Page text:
Fifteen years after the timing of the Union Budget was advanced by six hours from 5 p.m. on the last working day of February, the Centre is contemplating unveiling it a month or more ahead. This may appear to be a superfluous shift to some, but it could significantly alter governance outcomes if managed well. As of now, though the Budget is tabled before the commencement of a new financial year in April, its provisions often do not become the law of the land till some time in May, when Parliament passes the Finance Bill. So whether it is a new social sector scheme, a highway project for which the Finance Minister has allocated funds, or simply the transfer of funds to States, there is little action till, say, June. Official expenditure data confirm that spending remains particularly low in the first two months of the financial year. There is a spike in the last two quarters not just because ministries scramble to exhaust their allocated funds, but also because, for instance, the onset of the monsoon season in June makes it difficult to execute infrastructure projects in the second quarter. Effectively, proposed annual capital expenditure is rushed through from October to March rather than through the year, creating a tardy and bumpy transmission mechanism for any intended stimulus.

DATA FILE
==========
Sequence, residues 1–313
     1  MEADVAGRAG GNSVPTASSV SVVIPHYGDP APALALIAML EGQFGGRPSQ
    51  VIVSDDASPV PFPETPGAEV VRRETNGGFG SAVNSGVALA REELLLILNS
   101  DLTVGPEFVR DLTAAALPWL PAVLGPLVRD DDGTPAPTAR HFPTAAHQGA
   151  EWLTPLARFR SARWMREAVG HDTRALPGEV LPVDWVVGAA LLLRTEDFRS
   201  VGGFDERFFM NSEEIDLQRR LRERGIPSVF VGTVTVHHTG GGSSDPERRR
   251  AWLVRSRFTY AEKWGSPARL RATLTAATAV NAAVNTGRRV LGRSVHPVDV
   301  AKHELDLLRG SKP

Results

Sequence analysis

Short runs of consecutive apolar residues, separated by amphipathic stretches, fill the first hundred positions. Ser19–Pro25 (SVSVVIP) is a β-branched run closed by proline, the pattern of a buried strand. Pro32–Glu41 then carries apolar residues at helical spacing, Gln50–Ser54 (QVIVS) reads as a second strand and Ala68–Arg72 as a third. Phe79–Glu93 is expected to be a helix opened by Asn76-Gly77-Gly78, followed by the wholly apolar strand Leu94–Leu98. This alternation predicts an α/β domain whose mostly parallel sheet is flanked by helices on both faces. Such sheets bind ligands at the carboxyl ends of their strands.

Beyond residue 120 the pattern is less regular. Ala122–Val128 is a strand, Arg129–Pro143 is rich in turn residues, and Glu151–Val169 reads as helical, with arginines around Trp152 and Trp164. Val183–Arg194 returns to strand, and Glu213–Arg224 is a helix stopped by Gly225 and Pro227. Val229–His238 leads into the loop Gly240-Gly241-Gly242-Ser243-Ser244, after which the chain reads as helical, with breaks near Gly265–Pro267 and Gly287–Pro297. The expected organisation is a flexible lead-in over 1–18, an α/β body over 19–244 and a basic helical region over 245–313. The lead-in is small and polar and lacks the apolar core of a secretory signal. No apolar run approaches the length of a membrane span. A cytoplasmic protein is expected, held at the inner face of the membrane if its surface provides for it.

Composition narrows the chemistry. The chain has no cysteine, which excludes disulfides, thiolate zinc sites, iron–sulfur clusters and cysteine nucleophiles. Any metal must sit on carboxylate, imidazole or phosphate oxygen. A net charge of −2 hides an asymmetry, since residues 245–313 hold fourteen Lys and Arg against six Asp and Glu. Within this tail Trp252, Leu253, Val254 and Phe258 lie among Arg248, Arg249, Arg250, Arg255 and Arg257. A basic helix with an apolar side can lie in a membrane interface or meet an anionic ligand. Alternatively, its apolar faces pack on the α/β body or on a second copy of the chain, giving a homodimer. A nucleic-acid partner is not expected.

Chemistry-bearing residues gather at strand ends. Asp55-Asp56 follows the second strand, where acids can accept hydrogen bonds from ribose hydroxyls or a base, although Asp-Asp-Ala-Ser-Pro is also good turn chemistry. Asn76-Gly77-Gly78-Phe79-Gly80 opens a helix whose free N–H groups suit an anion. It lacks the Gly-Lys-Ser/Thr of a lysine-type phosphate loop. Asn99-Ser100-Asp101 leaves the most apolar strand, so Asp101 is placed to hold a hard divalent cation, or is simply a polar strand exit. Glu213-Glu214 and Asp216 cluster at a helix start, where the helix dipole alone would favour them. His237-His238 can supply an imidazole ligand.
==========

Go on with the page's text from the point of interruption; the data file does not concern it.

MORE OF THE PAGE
This now assumes greater importance especially since in the past two years public investment has been the government’s mantra to revive growth, and is likely to remain the key determinant of the economy’s direction for a while. Whether presented in the end of December or in January, a budget endorsed by Parliament by the end of March could allow ministries, State governments and businesses to get down to implementation as soon as the year begins and plan their spending based on the requirement for a project rather than weather exigencies. There is, of course, the challenge that the government may lack enough data about the state of the economy by January, be it tax collections or GDP numbers. So the Chief Economic Adviser’s team will have to grapple with tighter deadlines to put together the Economic Survey with less data at its disposal. Then again, the February 28 Budget also relies on revised estimates. And while Finance Ministry mandarins may find themselves pressed for time if Finance Minister Arun Jaitley manages to move to an earlier Budget in 2017, the Goods and Services Tax rollout deadline of April 2017 would mean much less work for them at least on the indirect taxes side of the Budget document. Around 51 per cent of the 738 promises in the UPA’s 10 full Budgets remained works in progress (that is, unmet) by the time the next Budget was presented. If switching the Budget presentation date can turn this around, it would be well worth it.